It is actually possible to have a notion of "before and after" without a notion of "how long". In the usual metric theory of spacetime, the metric provides both a causal structure and measure for spacetime separations. The causal structure tells you about before and after while the measure provides a sense of how far and how long. The usual Lorentz group preserves both these structures, but it is possible to take the causal structure as more fundamental. The transformations which preserve only the causal structure are called conformal transformations. These transformations keep the light cones of the theory invariant i.e. they preserve the path of light rays, and it these null lines that determine the causal structure. One is left with a spacetime that has an order given by the causal structure and a sense of nearness provided by the basic topology but no invariant metrical structure. It therefore makes sense to say that event A happened before event B, and that there is "something in between", but you can't measure the time between events.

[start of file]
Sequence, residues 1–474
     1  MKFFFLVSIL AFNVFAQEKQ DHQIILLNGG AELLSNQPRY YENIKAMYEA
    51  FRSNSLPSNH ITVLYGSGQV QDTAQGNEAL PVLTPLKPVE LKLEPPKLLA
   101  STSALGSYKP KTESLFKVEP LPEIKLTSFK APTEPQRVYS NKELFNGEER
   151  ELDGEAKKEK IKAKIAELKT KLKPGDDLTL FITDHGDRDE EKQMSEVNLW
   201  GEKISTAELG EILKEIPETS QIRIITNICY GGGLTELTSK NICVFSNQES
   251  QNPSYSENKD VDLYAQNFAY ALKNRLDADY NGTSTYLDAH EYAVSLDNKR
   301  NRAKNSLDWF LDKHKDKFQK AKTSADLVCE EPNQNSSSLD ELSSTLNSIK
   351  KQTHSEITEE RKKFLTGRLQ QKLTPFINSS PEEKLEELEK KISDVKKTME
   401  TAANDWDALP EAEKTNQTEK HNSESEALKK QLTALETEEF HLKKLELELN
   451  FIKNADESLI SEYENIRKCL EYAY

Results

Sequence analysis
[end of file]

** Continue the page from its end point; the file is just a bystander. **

Obviously our world is not conformally invariant, but this notion of conformal invariance actually has some physical applications. For example, it has bearing on the physics of particles at very high energy. It might also be relevant for understanding the origin of mass since a massless world would be conformally invariant. Also, in a certain technical sense the description of a relativistic string is conformally invariant.